Lawrence, No. 20-5697 (Vet. App. 2020)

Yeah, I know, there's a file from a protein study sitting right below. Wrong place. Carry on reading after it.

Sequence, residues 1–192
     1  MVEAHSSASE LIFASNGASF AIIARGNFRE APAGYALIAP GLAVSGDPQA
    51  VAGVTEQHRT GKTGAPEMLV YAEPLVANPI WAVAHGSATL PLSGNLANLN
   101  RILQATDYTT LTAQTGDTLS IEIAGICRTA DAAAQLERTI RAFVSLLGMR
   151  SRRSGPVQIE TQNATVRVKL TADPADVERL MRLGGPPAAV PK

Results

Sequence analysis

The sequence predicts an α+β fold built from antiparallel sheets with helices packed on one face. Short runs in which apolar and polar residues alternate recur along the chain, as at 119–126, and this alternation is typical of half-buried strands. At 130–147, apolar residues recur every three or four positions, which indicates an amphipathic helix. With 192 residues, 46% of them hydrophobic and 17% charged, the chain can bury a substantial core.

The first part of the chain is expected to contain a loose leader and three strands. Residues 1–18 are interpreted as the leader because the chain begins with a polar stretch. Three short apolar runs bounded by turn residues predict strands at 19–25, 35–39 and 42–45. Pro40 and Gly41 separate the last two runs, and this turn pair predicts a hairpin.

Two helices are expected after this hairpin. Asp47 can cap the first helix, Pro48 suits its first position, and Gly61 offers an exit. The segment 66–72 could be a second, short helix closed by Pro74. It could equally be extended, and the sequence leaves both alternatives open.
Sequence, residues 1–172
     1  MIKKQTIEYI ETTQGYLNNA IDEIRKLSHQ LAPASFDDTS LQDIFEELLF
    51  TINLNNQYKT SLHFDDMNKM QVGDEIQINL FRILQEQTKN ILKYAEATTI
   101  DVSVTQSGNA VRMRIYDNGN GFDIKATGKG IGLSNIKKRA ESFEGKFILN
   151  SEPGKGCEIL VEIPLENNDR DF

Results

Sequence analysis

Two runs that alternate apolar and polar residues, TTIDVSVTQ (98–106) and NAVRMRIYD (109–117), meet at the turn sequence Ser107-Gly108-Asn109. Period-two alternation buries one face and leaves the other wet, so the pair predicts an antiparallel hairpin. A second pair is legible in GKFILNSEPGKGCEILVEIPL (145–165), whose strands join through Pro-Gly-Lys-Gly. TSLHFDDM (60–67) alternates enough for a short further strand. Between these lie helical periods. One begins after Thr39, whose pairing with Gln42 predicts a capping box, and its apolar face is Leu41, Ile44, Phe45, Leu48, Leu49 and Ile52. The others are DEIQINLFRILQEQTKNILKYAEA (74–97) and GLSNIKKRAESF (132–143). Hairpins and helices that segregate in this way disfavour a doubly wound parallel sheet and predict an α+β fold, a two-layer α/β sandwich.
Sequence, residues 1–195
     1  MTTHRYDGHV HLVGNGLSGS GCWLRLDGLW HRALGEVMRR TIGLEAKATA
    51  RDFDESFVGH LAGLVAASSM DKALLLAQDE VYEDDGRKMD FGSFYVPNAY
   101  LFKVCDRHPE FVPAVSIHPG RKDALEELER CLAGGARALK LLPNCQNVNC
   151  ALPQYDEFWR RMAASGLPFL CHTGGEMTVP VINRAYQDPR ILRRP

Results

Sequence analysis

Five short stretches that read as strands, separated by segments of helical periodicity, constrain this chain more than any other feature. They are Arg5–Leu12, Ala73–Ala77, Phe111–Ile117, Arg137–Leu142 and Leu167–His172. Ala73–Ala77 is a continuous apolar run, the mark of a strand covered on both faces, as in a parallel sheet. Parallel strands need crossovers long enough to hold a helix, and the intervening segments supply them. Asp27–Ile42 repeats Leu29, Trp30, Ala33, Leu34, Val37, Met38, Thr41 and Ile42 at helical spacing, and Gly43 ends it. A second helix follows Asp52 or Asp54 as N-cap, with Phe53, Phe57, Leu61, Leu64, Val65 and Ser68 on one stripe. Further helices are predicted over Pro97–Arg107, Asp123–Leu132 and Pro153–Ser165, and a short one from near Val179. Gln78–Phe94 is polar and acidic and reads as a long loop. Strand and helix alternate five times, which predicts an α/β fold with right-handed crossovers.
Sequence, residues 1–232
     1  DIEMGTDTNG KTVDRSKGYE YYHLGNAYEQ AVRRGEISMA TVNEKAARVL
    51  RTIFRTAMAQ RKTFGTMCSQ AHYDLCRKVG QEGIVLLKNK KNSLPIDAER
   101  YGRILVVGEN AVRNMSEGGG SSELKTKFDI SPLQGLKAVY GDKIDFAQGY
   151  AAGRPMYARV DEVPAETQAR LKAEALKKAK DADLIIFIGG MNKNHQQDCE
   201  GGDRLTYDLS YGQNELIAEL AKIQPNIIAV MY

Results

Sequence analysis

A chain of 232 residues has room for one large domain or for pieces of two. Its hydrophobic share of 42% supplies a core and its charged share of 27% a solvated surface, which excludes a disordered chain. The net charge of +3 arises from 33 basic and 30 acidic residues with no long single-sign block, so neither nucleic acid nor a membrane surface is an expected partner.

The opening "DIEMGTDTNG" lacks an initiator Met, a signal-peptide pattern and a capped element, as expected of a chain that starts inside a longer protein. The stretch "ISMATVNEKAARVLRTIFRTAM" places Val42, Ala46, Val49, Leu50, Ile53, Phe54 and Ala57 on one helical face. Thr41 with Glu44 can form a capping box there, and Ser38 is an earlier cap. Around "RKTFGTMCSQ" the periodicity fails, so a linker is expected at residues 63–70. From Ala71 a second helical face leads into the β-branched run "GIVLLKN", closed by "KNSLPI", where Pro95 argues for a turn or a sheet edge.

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UNITED STATES COURT OF APPEALS FOR VETERANS CLAIMS NO. 20-5697 JAMES E. LAWRENCE, PETITIONER, V. ROBERT L. WILKIE, SECRETARY OF VETERANS AFFAIRS, RESPONDENT. Before MEREDITH, TOTH, and LAURER, Judges. ORDER MEREDITH, Judge, filed the opinion of the Court. TOTH, Judge, filed a dissenting opinion. On August 13, 2020, the petitioner, James E. Lawrence, through counsel filed a petition for extraordinary relief in the form of a writ of mandamus seeking to compel VA to forward a copy of his claims file to his counsel. Petition (Pet.) at 1, 5. The petitioner asserted the following: (1) a VA regional office (RO) issued a rating decision in August 2019 denying entitlement to disability compensation for psychiatric disorders; (2) his appointed counsel requested a copy of his claims file in November 2019 utilizing VA Form 10-5345, Request for and Authorization to Release Health Information; (3) the RO acknowledged his "Privacy Act request" in November 2019; (4) his counsel made additional requests for the claims file in January and March 2020; (5) in August 2020, he appealed the RO's decision to the Board of Veterans' Appeals (Board); and (6) to date, his counsel had not yet received a copy of his claims file. Pet. at 2-3; Exhibits 1-7. VA Form 10-5345 reflects that "[t]he information requested on this form is solicited under Title 38 U.S.C." and that "[t]he form authorizes release of information" pursuant to the Health Insurance Portability and Accountability Act, the Administrative Procedure Act (APA), the Freedom of Information Act (FOIA), 38 U.S.C. §§ 5701 and 7332, and the Privacy Act. Pet. at Exhibit 4. The petitioner maintained that VA has unreasonably delayed in forwarding his claims file to his counsel and that the factors considered when assessing claims of unreasonable delay weigh in his favor. Pet. at 3-5. The Court, on September 1, 2020, ordered the petitioner to file a supplemental memorandum of law addressing the Court's jurisdiction to provide the requested relief and ordered the Secretary to file a response to the petition that also addressed the Court's jurisdiction. The petitioner responded that the Court's authority to order VA to provide a copy of his claims file derives from the All Writs Act (AWA). Petitioner's Supplemental Memorandum of Law (Petitioner's Memorandum) at 2. In that regard, he averred that the Court's potential jurisdiction under the AWA "turns upon whether the relief sought in the mandamus petition could ultimately lead to the [C]ourt's review of a Board decision," and he indicated that granting mandamus relief where "a mandatory procedure has been unreasonably delayed at the Agency level" would "potentially result[] in a Board decision over which the [C]ourt would have appellate jurisdiction." Id. The petitioner further maintained that a writ of mandamus was warranted in these circumstances because VA is the sole custodian of his records, he has an indisputable right to his records pursuant to 38 C.F.R. § 1.577, and he cannot properly pursue his disability claims at the Agency without his claims file. Id. at 3-5. The Secretary countered that the petitioner has not shown that the Court has jurisdiction to provide the requested relief. Secretary's Response to the Court's September 1, 2020, Order (Secretary's Response) at 1-6. The Secretary first argued that the petitioner failed to "explain how the petition will lead to a final Board decision over which the Court will have jurisdiction." Id. at 2. In that regard, the Secretary noted that the petitioner has not argued that he sought his claims file beyond a Privacy Act and FOIA request, the matter before the Court pertains to a FOIA request for the claims file, and the petitioner's contention is contrary to the Court's precedent rejecting jurisdiction over matters of the Secretary's compliance with FOIA requests. Id. at 3-5 (citing Struck v. Principi, 15 Vet.App. 213, 215 (2001) (per curiam order), and Mangham v. Shinseki, 23 Vet.App. 284, 289 (2009)). The Secretary further maintained that, although the petitioner argues that the claims file contains evidence related to his disability claims, he has not explained how a delay in providing the claims file impedes the appellate process. Id. at 5. Last, the Secretary responded that, even assuming the Court has jurisdiction over the petition, the petitioner has not demonstrated a clear and indisputable right to the writ. Id. at 6-8. Specifically, the Secretary argued that there has not been complete inaction by VA because the Agency has acknowledged the petitioner's request1 and the petitioner has not shown that he lacks alternative means to obtain relief; he filed a Notice of Disagreement opting to attend a Board hearing and therefore any allegation regarding the duty to assist may be addressed by the Board in the normal course of the appeal. Id. On October 1, 2020, the matter was referred to a panel of the Court to determine whether the Court has jurisdiction to provide the relief sought by the petitioner, and on October 26, 2020, the Court granted the petitioner's motion for leave to file a reply to the Secretary's Response. Regarding the Court's jurisdiction, the petitioner maintained that the Secretary's interpretation of the AWA "leaves claimants in a proverbial catch-22 situation, depriving them" of access to records necessary to pursue their claims. Petitioner's Reply at 4. He further challenged the Secretary's reliance on Struck and Mangham and argued that "the [C]ourt's terse dicta [in Struck] in response to a pro se [appellant]'s inartful pleading hardly constitutes a considered holding." Id. at 4-5. A. All Writs Act Authority Pursuant to the AWA, the Court has the authority to issue extraordinary writs in aid of its prospective jurisdiction. 28 U.S.C. § 1651(a). "[J]urisdiction to issue a writ of mandamus pursuant 1 The Court notes that the Secretary relied on Stratford v. Peake, 22 Vet.App. 313, 314 (2008) (per curiam order), in which the Court found that the petitioner had not shown that VA was refusing to comply with his FOIA and Privacy Act request because the Board, 3 months later, notified him that his request was forwarded to the RO for reply and/or processing. Because the Court seems to have assumed jurisdiction in Stratford and offered no explanation for that action, we do not consider ourselves bound by that assumption. See Harms v. Nicholson, 20 Vet.App. 238, 245 (2006) (en banc) (citing United States v. L.A. Tucker Truck Lines, Inc., 344 U.S. 33, 38 (1952) (concluding that an issue not "raised in briefs or argument nor discussed in the opinion of the Court" would not be taken as "binding precedent on th[e] point")), aff'd, 489 F.3d 1377 (Fed. Cir. 2007); see also L.A. Tucker Truck Lines, Inc., 344 U.S. at 38 (noting that "th[e] Court is not bound by a prior exercise of jurisdiction in a case where it was not questioned and it was passed sub silentio"). 2 to the AWA relies upon not actual jurisdiction but potential jurisdiction." In re Fee Agreement of Cox (Cox I), 10 Vet.App. 361, 370 (1997), vacated on other grounds sub nom., Cox v. West (Cox II), 149 F.3d 1360 (Fed. Cir. 1998). This Court's appellate jurisdiction derives exclusively from statutory grants of authority provided by Congress and may not be extended beyond that permitted by law. See Christianson v. Colt Indus. Operating Corp., 486 U.S. 800, 818 (1988). Hence, it is well established that the AWA does not extend this Court's jurisdiction. See Cox II, 149 F.3d at 1363; see also Heath v. West, 11 Vet.App. 400, 402-03 (1998). Because the AWA "is not an independent basis of jurisdiction, . . . the petitioner must initially show that the action sought to be corrected by mandamus is within [the] court's statutorily defined subject matter jurisdiction." Baker Perkins, Inc. v. Werner & Pfleiderer Corp., 710 F.2d 1561, 1565 (Fed. Cir. 1983); see Pennsylvania Bureau of Corr. v. U.S. Marshals Serv., 474 U.S. 34, 43 (1985) (noting that the AWA "is a residual source of authority"). The Court's appellate jurisdiction is governed by section 7252 of title 38, U.S.C., which provides that the Court "shall have exclusive jurisdiction to review decisions of the Board." 38 U.S.C. § 7252(a). The Board, in turn, has jurisdiction to consider "[a]ll questions in a matter which under section 511(a) of . . . title [38] is subject to decision by the Secretary." 38 U.S.C. § 7104(a). And, pursuant to section 511(a), "[t]he Secretary shall decide all questions of law and fact necessary to a decision by the Secretary under a law that affects the provision of benefits by the Secretary to veterans or the dependents or survivors of veterans." 38 U.S.C. § 511(a). Therefore, the Court's jurisdiction to issue the order sought by the petitioner pursuant to the AWA depends on whether the grant of the petition could lead to a Board decision over which the Court would have jurisdiction. See Cox I, 10 Vet.App. at 371. As an initial matter, answering that question requires the Court to consider, and the petitioner to show, that the case "arises 'under a law that affects the provision of benefits.'" Bates v. Nicholson, 398 F.3d 1355, 1359 (Fed. Cir. 2005) (quoting 38 U.S.C. § 511(a)); see McNutt v. Gen. Motors Acceptance Corp. of Ind., 298 U.S. 178, 188-89 (1936) (The ultimate burden of establishing jurisdiction rests with the party seeking the exercise of jurisdiction in his favor.); Bethea v. Derwinski, 2 Vet.App. 252, 255 (1992). The petitioner also must show that VA's actions in question could be the subject of a Board decision, Yi v. Principi, 15 Vet.App. 265, 267 (2001) (per curiam order) (holding that the Court "lacks appellate jurisdiction over any issue that cannot be the subject of a Board decision"), and that this Court would have subject matter jurisdiction to consider a Board decision on that matter, see, e.g., Wanner v. Principi, 370 F.3d 1124, 1129-31 (Fed. Cir. 2004) (discussing a matter that had been removed by statute from the Court's jurisdiction). B. Privacy Act and FOIA As indicated above, the petitioner submitted VA Form 10-5345 and asks the Court to compel the Secretary to fulfill his request by providing not only his claims file, but also medical records including health summaries, inpatient discharge summaries, progress notes, operative and clinical procedures, lab results, radiology reports, and lists of active medications. See Pet. at Exhibit 4. Although that form also references other authorities, the RO construed the petitioner's 3 Form 10-5345 request as a Privacy Act request—a characterization that his counsel acknowledged in follow-up correspondence with the RO. See Pet. at 2, Exhibits 4-7. Before the Court, he does not allege that he sought to obtain his claims file and related documents other than pursuant to the FOIA or the Privacy Act, nor does he contest the Secretary's assertion to that effect. See Secretary's Response at 5; Petitioner's Reply at 2-5. Indeed, the petitioner avers that his right to obtain the requested documents derives from 38 C.F.R. § 1.577, part of VA's series of regulations implementing the Privacy Act. Petitioner's Memorandum at 3-5; see 38 C.F.R. §§ 1.550(b), 1.562 note (2020) (each noting that §§ 1.575-1.584 pertain to Privacy Act records). Consequently, even though the petitioner seeks his records in pursuit of a VA disability benefits claim,2 we will address only whether we may issue a writ compelling VA to fulfill his request under the Privacy Act and the FOIA. The Privacy Act "regulate[s] the collection, maintenance, use, and dissemination of information by [federal] agencies" and provides a private cause of action against federal agencies for violating its provisions. Doe v. Chao, 540 U.S. 614, 618 (2004) (quotation marks omitted); see 5 U.S.C. § 552a(g)(1). The Privacy Act allows an individual or his authorized representative to 2 Although 38 U.S.C. § 5701 provides that the Secretary must make certain disclosures to a claimant or duly authorized agent or representative of a claimant and the Court has held that it is a law affecting the provision of benefits, Rosinski v. Shulkin (Rosinski I), 29 Vet.App. 183, 189 (2018) (per curiam order), the Court will not today address the import of section 5701 because the represented petitioner does not acknowledge that provision or make any arguments pertaining to it, despite multiple opportunities to meet his burden to establish the Court's jurisdiction over the matter. See United States v. Sineneng-Smith, 140 S. Ct. 1575, 1579 (2020) ("[A]s a general rule, our system 'is designed around the premise that [parties represented by competent counsel] know what is best for them, and are responsible for advancing the facts and argument entitling them to relief.'") (second alteration in original) (quoting Castro v. United States, 540 U.S. 375, 386 (2003) (Scalia, J., concurring in part and concurring in judgment)); see also Robinson v. Peake, 21 Vet.App. 545, 554 (2008) (presuming that "an experienced attorney in veteran's law, says what he means and means what he says"), aff'd sub nom. Robinson v. Shinseki, 557 F.3d 1355 (Fed. Cir. 2009). The majority will not raise and answer a question not briefed by the parties, as the dissent would do. See Sineneng-Smith, 140 S. Ct. at 1579 ("Courts are essentially passive instruments of government. They do not, or should not, sally forth each day looking for wrongs to right. [They] wait for cases to come to [them], and when [cases arise, courts] normally decide only questions presented by the parties.") (internal quotation marks and citation omitted). To provide some context, however, with one exception not relevant here, Congress expressly provided that "any disclosure made pursuant to . . . section [5701] shall be made in accordance with the provisions of section 552a of title 5[, the Privacy Act]." 38 U.S.C. § 5701(j). And as we explain in more detail below, Congress in turn gave district courts of the United States jurisdiction over enforcing section 552a. See 5 U.S.C. § 552a(g)(1). What's more, VA regulations provide that "[r]equests for records relating to a claim administered by VA pursuant to 38 U.S.C. [§] 5701 will be processed under the FOIA and 38 U.S.C. [§] 5701." 38 C.F.R. § 1.550(c); see id. (providing that, "[i]n addition to the following FOIA regulations, [§§ 1.551 through 1.562,] see §§ 1.500 through 1.527 for regulations implementing 38 U.S.C. § 5701"). In turn, regulations pertaining to the release of claimants' records, like the regulations implementing the Privacy Act and the FOIA, provide that "[t]he final agency decision in such appeals will be made by the General Counsel or the Deputy General Counsel." 38 C.F.R. § 1.527(c) (2020). Moreover, although this Court in Rosinski I concluded that it had jurisdiction to consider whether the petitioner was entitled to a writ compelling VA to provide him with draft rating decisions under section 5701(d), the Court there did not discuss the Privacy Act or whether jurisdiction over such matters had been conferred on other tribunals. Rosinski I, 29 Vet.App. at 189; see Bates, 398 F.3d at 1365-66 (explaining that 38 U.S.C. § 511(a) "[d]oes not apply to every challenge to an action by . . . VA" and, therefore, the court does not "suggest[] that the Board has jurisdiction to review controversies that are committed by statute to other tribunals"). And, the Court in Rosinski v. Wilkie, which addressed the same substantive challenge as in Rosinski I, subsequently acknowledged that jurisdiction might not lie in this Court if the case involved a request for "a specific record" rather than a challenge to VA's underlying policy. 31 Vet.App. 1, 8 n.4 (2019) (per curiam order). 4 access records pertaining to the individual. See 5 U.S.C. § 552a(d)(1). "The FOIA represents a carefully balanced scheme of public rights and agency obligations designed to foster greater access to agency records than existed prior to its enactment." Kissinger v. Reps. Comm. for Freedom of the Press, 445 U.S. 136, 150 (1980). The FOIA thus obligates agencies of the United States government to make their records "promptly available to any person," except those records specifically exempt from disclosure, 5 U.S.C. § 552(a)(3)(A), and the "statutory scheme authorizes federal courts to ensure private access to requested materials . . . . upon a showing that an agency has (1) 'improperly'; (2) 'withheld'; (3) 'agency records,'" Kissinger, 445 U.S. at 150 (quoting 5 U.S.C. § 552(a)(4)(B)). In both instances, Congress expressly vested jurisdiction over civil actions arising from the Privacy Act and the FOIA in the United States district courts. See 5 U.S.C. § 552(a)(4)(B) (providing that "the district court of the United States in the district in which the complainant resides, or has his principal place of business, or in which the agency records are situated, or in the District of Columbia, has jurisdiction to enjoin the agency from withholding agency records and to order the production of any agency records improperly withheld from the complainant") (emphasis added); 5 U.S.C. § 552a(g)(1) (providing that an "individual may bring a civil action against the agency, and the district courts of the United States shall have jurisdiction in the matters under the provisions of this subsection") (emphasis added). VA processes "[r]equests for records about an individual[] protected under the Privacy Act . . . including one's own records . . . under the FOIA and the Privacy Act." 38 C.F.R. § 1.550(b). Further, VA's regulations implementing the Privacy Act instruct that, if the Agency fails to respond to a request for access to records, "the individual must pursue the request with the Privacy Officer of the administration office . . . or staff office . . . that has custody over the records," and that denials of records requests may be appealed to the Office of General Counsel, who will render the final agency decision in such appeals. 38 C.F.R. § 1.580(b), (c) (2020); see 38 C.F.R. §§ 1.550(b), 1.577. The regulations pertaining to FOIA requests similarly require that an individual appeal FOIA request denials to the Office of General Counsel and further provide that, "[u]nless the requester has been deemed to have exhausted all administrative remedies, he or she must first appeal the adverse determination in accordance with this section before seeking review by a court." 38 C.F.R. § 1.559(b), (f) (2020). C. Jurisdiction It is undisputed that the petitioner bears the burden of establishing that the Court has jurisdiction to act. In that regard, the petitioner solely contends that the Court has jurisdiction to provide the requested relief pursuant to the AWA. Petitioner's Memorandum at 2. He fails, however, to acknowledge that the AWA is not an independent source of, and may not extend, the Court's statutorily defined jurisdiction. Baker Perkins, Inc., 710 F.2d at 1565; see Pennsylvania Bureau of Corr., 474 U.S. at 43. As explained above, to demonstrate that the Agency action sought to be corrected—compliance with the Privacy Act and the FOIA—falls within the Court's jurisdiction would require a showing that the petitioner's request for records was made pursuant to a law affecting the provision of VA benefits, that VA's decision on the matter could be the subject of a Board decision, and that the Court would have subject matter jurisdiction to review the Board's decision. 5 Here, the Court concludes that the petitioner has not carried his burden of demonstrating that the Court has jurisdiction to issue the requested writ. To begin, he does not contend that, or explain how, the Privacy Act or FOIA constitutes "a law that affects the provision of benefits by the Secretary," such that it would fall within the Board's jurisdiction. 38 U.S.C. § 511(a); see 38 U.S.C. § 7104(a); Bates, 398 F.3d at 1359. Further, although the dissent would order that the Board issue a decision regarding the requested documents—documents that go beyond the petitioner's claims file, see Pet. at Exhibit 4—as noted above, VA regulations unambiguously delegate the authority to make final determinations regarding Privacy Act and FOIA requests to the VA Office of General Counsel, not the Board. 38 C.F.R. §§ 1.527, 1.559, 1.580.3 The petitioner neither acknowledges these regulations, nor challenges the validity of the Secretary's delegation of authority therein. Accordingly, he has not demonstrated how the grant of a writ, in these circumstances, would lead to a final Board decision, a necessary predicate for this Court's jurisdiction. Yi, 15 Vet.App. at 267. Moreover, as previously discussed, Congress explicitly provided that U.S. district courts shall have jurisdiction over civil actions arising from an agency's refusal to comply with Privacy Act and FOIA requests. 5 U.S.C. §§ 552(a)(4)(B), 552a(g)(1); see Cofield v. United States, 64 F. Supp. 3d 206, 214 (D.D.C. 2014) ("The federal courts . . . have exclusive jurisdiction over any claim . . . under the FOIA and the Privacy Act."); Kuffel v. U.S. Bureau of Prisons, 882 F. Supp. 1116, 1120 (D.D.C. 1995) ("Section 552(a)(4)(B) of FOIA grants U.S. district courts exclusive jurisdiction over FOIA cases."); Treece v. United States, 96 Fed. Cl. 226, 232 (2010) (dismissing the "plaintiff's claims under the Privacy Act . . . and the [FOIA] . . . because the federal district courts have exclusive jurisdiction over such matters"). Indeed, district courts have regularly addressed such matters, including cases seeking enforcement of VA's obligation to provide records. See, e.g., Conyers v. U.S. Dep't of Veterans Affairs, No. 16-CV-00013, 2017 WL 722107, at *8-11 (E.D.N.Y. Jan. 10, 2017); Demoruelle v. Dep't of Veterans Affairs, No. 16-00562, 2017 WL 2836989, at *2-4 (D. Haw. June 30, 2017); Wadhwa v. Dep't of Veterans Affairs, 342 F. App'x. 3 While our dissenting colleague would "order the Board—in the event the Secretary fails to provide such records—to provide a decision outlining the basis for such ruling," post at 7, any such order seems premature given that there is no indication in this case that a VA agency of original jurisdiction has made a decision on the petitioner's request or that any denial of his request has been placed into appellate status at VA. Further, our dissenting colleague simply assumes that acting on any such appeal would be the province of the Board. It is unclear how that conclusion meshes not only with §§ 1.527, 1.559, and 1.580 but also with § 20.1200, which provides that, where "an individual [is] seeking records pertaining to him or her," the Board will not act "on that individual's appeal" until the request is "reviewed and processed." 38 C.F.R. § 20.1200. Would the Board be required to fulfill the records request prior to acting on an appeal as to those records? Moreover, nothing in the materials now before the Court suggests that either Congress or VA created a separate system for benefits claimants to obtain their records. Rather, under 5 U.S.C. § 552a(d)(1), "any individual [may] gain access to his [own] record or to any information pertaining to him which is contained in the [agency] system." 5 U.S.C. § 552a(d)(1). And if the agency "refuses to comply with an individual request . . . the individual may bring a civil action against the agency, and the district courts of the United States . . . have jurisdiction." 5 U.S.C. § 552a(g)(1)(B); see 38 U.S.C. § 5701(j) (with the exception of certain contracting information, "any [records] disclosure made pursuant to this section shall be made in accordance with the provisions of section 552a of title 5") (emphasis added). In other words, the statutory scheme suggests that the petitioner has recourse to obtain his records and the means of appealing any denial of a request does not pass through the Board. See Melvin v. U.S. Dep't of Veterans Affairs, 70 F. Supp. 3d 350, 359 (D.D.C. 2014) (explaining the difference between Privacy Act claims against VA that are collateral to benefit determinations and finding that 38 U.S.C. § 511(a) did not deprive the district court of jurisdiction to hear the claim for "a Privacy Act violation for the VA's failure to provide to [the veteran] the audio tape of [the veteran's] Board of Veterans' Appeals hearing"), aff'd, No. 14-5263, 2015 WL 3372292 (D.C. Cir. May 6, 2015). 6 860, 862-63 (3d Cir. 2009) (per curiam); Kinman v. United States, No. 16-cv-00329, 2016 WL 7165986, at *5 (S.D. Ohio Dec. 7, 2016). The petitioner has not argued or demonstrated that this Court would nevertheless have subject matter jurisdiction over a VA decision concerning his Privacy Act and FOIA request. See McNutt, 298 U.S. at 188-89; Bethea, 2 Vet.App. at 255. The Court therefore concludes that, because the petitioner has not shown that "the action sought to be corrected by mandamus is within this [C]ourt's statutorily defined subject matter jurisdiction," Baker Perkins, Inc., 710 F.2d at 1565, he has not demonstrated that the petition is "in aid of [our] . . . jurisdiction[]" or "agreeable to the usages and principles of law." 28 U.S.C. § 1651(a). Simply put, the Court cannot compel VA to act on a matter over which the petitioner has not demonstrated we would have subject matter jurisdiction to review. However, as a final matter, the Court expresses concern that there has been a 1-year delay so far in processing the petitioner's Privacy Act and FOIA request. Because the Board would likely not adjudicate his appeal until that request is processed, see 38 C.F.R. § 20.1200, further delay in processing his request could not only delay a decision on his claims but also potentially frustrate the Court's review of a final Board decision. These are serious matters that the Agency should be mindful of regardless of what tribunal may ultimately have jurisdiction to address them. Upon consideration of the foregoing, it is ORDERED that the petition for extraordinary relief in the form of a writ of mandamus is DISMISSED. DATED: December 22, 2020 TOTH, Judge, dissenting: I agree with the panel that neither the Board nor this Court has jurisdiction to hear civil actions concerning VA's compliance with the Freedom of Information Act (FOIA) or Privacy Act. 5 U.S.C. § 552(a). However, by requesting (through counsel) his own records to pursue his pending claim for veterans benefits, Mr. Lawrence is not raising a FOIA or Privacy Act issue in any meaningful sense; he doesn't seek monetary damages, for example, or the publication of documents related to VA's internal operations. Instead, he claims that VA's own regulations require it to provide him evidence relevant to his ongoing benefits case. I respectfully dissent and would order the Board—in the event the Secretary fails to provide such records—to provide a decision outlining the basis for such ruling, per 38 U.S.C. §§ 511 and 7104. A defining feature of the veterans benefits system is that Congress expressly stripped federal courts of any jurisdiction to review decisions of the Secretary under laws affecting such benefits. 38 U.S.C. § 511(a). This Court has held that 38 U.S.C. § 5701, which addresses VA disclosure obligations for records related to pending benefits claims, affects the provision of veterans benefits. See Rosinski v. Wilkie, 31 Vet.App. 1, 6 (2019). Therefore, a federal district court has no jurisdiction to consider the Secretary's compliance with section 5701's disclosure provisions, unless the veteran seeks monetary damages or relief unrelated to the pursuit of benefits. Only the Secretary, via the Board, can adjudicate matters related to a benefits claim, 38 U.S.C. §§ 511, 7104. And only this Court has jurisdiction to review that decision. Id. §§ 511(b)(4), 7252; Veterans for Common Sense v. Shinseki, 678 F.3d 1013, 1031 (9th Cir. 2012) (en banc) ("Congress 7 subsequently established the Veterans Court, effectively stripping district courts of any such jurisdiction." (cleaned up)). The nature and extent of a claimant's right to obtain records in the context of an active benefits claim is simply a question about the scope of discovery available within the veterans benefits system. The answer to that question is found in the statutes and rules of title 38 and not in title 5 provisions that govern all federal agencies. Although both section 5701 and FOIA, for example, involve requests for information from federal agencies—that's about all they have in common. Section 5701 relates to specific claims for benefits, while FOIA and the Privacy Act address government transparency and individual privacy rights, respectively. In short, a veteran seeking monetary damages under the Privacy Act for wrongful disclosure of information or seeking public disclosure of VA internal matters must seek relief in a federal district court; however, only the Board has jurisdiction to adjudicate matters related to specific claims for benefits. See Perry v. United States, 524 F. App'x 680 (Fed. Cir. 2013) (holding that the Court of Appeals for Veterans Claims and not the Court of Federal Claims had jurisdiction to determine whether VA violated the Privacy Act in relation to a benefits claim). Our ruling here effectively casts Mr. Lawrence into a jurisdictional no-man's land. Because a federal district court lacks jurisdiction to review any rulings related to a benefits decision of the Secretary, it must treat Mr. Lawrence's discovery request as the equivalent of a FOIA request from a citizen seeking disclosure of agency hiring practices or budget outlays or the like. This rebranding of routine discovery matters as FOIA or Privacy Act matters effectively removes statutes such as section 5701 or regulations such as 38 C.F.R. § 1.577 from the books, by placing them beyond review in any benefits adjudication. Here, our ruling redirects a discovery dispute from the Board to federal courts that lack jurisdiction to hear it. Three final things. In dissenting, I take no position as to whether any other statute or regulation requires VA to provide Mr. Lawrence with the records he seeks. That's for the Secretary to decide first. I merely note that Mr. Lawrence is entitled under sections 511 and 7104 to a timely decision from the Secretary on this question. If the Secretary construes the request as covered by FOIA or the Privacy Act, as he contends in his briefing, he can, via the Board, rule accordingly. Mr. Lawrence can appeal such a decision to this Court. Second, how VA characterizes the form that it requires veterans to fill out requesting materials has little bearing on whether a request is construed properly as a FOIA or Privacy Act request or as a discovery request in a benefits claim. For jurisdictional purposes, what matters under sections 511 and 5701 is whether a claimant has filed a particular claim for benefits and cited the law as supporting such claim for benefits. Finally, that section 5701(j) cites expressly to 5 U.S.C. § 552(a) has no effect on the Board's jurisdiction to decide all matters relevant to benefits claims; it merely signifies that the two statutes are capable of coexisting and are meant to be read as supporting each other. In short, it means that Congress did not wish courts to read section 5701 as wholly displacing VA's obligations under the Privacy Act. 8